Recently I’ve been thinking a lot about those foreigners that come to China and not only stay here for a while, but make their permanent home here. I know more and more expats, or shall we call them immigrants, who have been living here for more than 10 or even more than 20 years.
A friend asked what keeps these foreigners here? Do they have similar characteristics? And indeed I think they do.
Chinese spouse or family member
All longtime expats that I know here in Guangzhou are married to a Chinese spouse. It’s natural that you settle in here if you have found your love here as well.
This of course includes me as well, it’s hard to say if I would have stayed in China as long as I have (10 years and counting) if I didn’t marry my husband who happens to be a Chinese citizen. I do see many intercultural couples moving out of China when kids go to school, so spouse can’t be the only things that is keeping them/us here.
Fulfilling career or business
Those long-term foreigners usually have their own business here or find their job fulfilling. A job or being an entrepreneur is a big part of your life, so if that area is working for you in China, then you are likely to stay.
Originally I thought it would be difficult to create my career here as a non-native Chinese teacher, but it has proved to be the opposite. Back home in Finland I probably wouldn’t be able to make teaching Chinese a full time job, let alone hire other teachers to work for me.
For my Chinese husband it would be even harder to find a job in Finland without excellent English and Finnish skills.
When you find true friends then you feel like home. With expat life style it can be difficult to find long-term friends as most expats stay only a few years in one country, but luckily we can find other foreigners who have made their home here or make local friends.
When I was a students I often wrote about the difficulty of making friends here, now older and settled, most of my friends have a similar life situations as I do. They are married to a Chinese spouse and have kids like ours. I know not everyone like the term mixed, but for our Finnish-Chinese daughter I feel it’s important to make friends with other kids like here. So she can see that having parents from different cultures is natural thing to grow up with.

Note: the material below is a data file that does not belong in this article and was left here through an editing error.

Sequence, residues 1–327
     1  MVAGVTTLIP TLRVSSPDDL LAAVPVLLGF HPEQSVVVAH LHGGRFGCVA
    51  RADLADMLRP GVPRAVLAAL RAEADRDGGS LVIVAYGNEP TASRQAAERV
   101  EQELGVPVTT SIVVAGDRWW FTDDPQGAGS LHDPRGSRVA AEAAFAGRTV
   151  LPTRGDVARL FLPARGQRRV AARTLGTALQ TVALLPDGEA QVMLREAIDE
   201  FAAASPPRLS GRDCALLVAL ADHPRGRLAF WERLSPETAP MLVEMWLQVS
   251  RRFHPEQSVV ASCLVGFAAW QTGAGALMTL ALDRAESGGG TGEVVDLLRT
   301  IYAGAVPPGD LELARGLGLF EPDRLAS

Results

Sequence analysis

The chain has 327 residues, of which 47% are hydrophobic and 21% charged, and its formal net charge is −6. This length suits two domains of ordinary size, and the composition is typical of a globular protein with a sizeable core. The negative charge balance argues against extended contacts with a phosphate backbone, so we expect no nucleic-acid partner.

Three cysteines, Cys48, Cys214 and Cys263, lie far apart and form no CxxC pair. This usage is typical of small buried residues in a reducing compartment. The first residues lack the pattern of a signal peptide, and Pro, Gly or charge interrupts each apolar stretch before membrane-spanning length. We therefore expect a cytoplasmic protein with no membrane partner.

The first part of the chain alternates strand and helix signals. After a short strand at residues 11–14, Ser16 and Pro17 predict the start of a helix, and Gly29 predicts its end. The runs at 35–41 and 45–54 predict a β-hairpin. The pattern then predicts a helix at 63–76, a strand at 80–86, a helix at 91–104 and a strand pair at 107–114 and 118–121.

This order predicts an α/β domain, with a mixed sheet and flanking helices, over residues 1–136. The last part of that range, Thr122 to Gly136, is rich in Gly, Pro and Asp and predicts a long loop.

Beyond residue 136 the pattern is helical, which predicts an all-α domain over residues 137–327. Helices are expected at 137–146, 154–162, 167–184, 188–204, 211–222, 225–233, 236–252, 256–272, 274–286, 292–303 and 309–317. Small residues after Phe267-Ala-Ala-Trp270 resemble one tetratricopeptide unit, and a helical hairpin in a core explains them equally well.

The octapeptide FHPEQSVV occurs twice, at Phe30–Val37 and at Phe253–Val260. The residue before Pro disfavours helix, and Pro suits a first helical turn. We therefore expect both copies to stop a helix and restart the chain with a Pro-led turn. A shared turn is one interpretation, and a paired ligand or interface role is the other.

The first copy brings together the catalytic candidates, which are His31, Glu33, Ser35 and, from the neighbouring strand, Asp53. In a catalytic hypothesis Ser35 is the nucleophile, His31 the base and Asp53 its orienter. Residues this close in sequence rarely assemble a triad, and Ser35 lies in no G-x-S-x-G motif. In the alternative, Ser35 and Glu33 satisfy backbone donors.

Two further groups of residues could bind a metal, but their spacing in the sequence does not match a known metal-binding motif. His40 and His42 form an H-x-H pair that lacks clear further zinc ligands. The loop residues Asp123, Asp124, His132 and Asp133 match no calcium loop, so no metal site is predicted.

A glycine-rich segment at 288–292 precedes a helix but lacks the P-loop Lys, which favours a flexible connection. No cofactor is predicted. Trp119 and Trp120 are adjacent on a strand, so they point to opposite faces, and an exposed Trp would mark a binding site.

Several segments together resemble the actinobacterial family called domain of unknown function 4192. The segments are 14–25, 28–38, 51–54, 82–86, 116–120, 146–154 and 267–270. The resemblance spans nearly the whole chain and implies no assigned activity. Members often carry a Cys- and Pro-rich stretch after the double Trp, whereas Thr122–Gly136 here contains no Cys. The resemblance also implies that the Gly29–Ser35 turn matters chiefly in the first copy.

Life in China is full of last minute changes, things that you can’t explain with your “foreign logic”. You might get mad at people and things as they don’t work as you expect them to. When I observe those expats who stay here for a long time, all of them seem to have this easy-going attitude to life and China. They know that they can bring new things to China, but at the same time need to learn to work the Chinese way.
Forcing people around me to do thing the Finnish Way wouldn’t go very far here. I can introduce different ways of doing things, I can train my staff differently, but still I need to understand how Chinese people think, care, work and feel.
After becoming a parent I have more things on my list that I would like to change in China if I could, but I try to think it from a different point of view. I don’t want to be a foreigner who wants to change China, rather I’m an ordinary parent who want the best for their child, and thus wants to see improvements in the society. Like any other parent would like to.
How long will I stay?
This is not a question that I actively think, but it comes up every once in a while. After living in Guangzhou for a decade, I don’t feel like I’m living abroad anymore, I’m living at home.
In Finland I lived in a few different cities, the longest I stayed in Heinola (years 2-14) which I consider my hometown. Very soon I have been living in Guangzhou longer than I lived in Heinola. Quite a crazy thought actually!
At this moment we don’t have any plans to leave Guangzhou. Our businesses are here, our friends are here. We also want our daughter to go through Chinese speaking education to become fully fluent in Chinese as any other Chinese person. She is growing up as an ordinary Chinese kid (just happens to have a mom who speaks Finnish with her), she feels like home here.
Due to her looks, our daughter can be recognized as mixed child here, but not as clearly as if we lived in Finland. In Finland she would be visibly different and we would have our own challenges to make here feel like she belongs and to make sure she has a culturally rich group of friends and classmates.
So to answer the question, my life is keeping me here in China, Guangzhou, at my home. For how long? For the foreseeable future, that’s the only answer I can give.
For more about this topic, check out our newest YouTube video here.
P.s. Living away from my own childhood family isn’t easy of course, but that’s a topic for another blog post.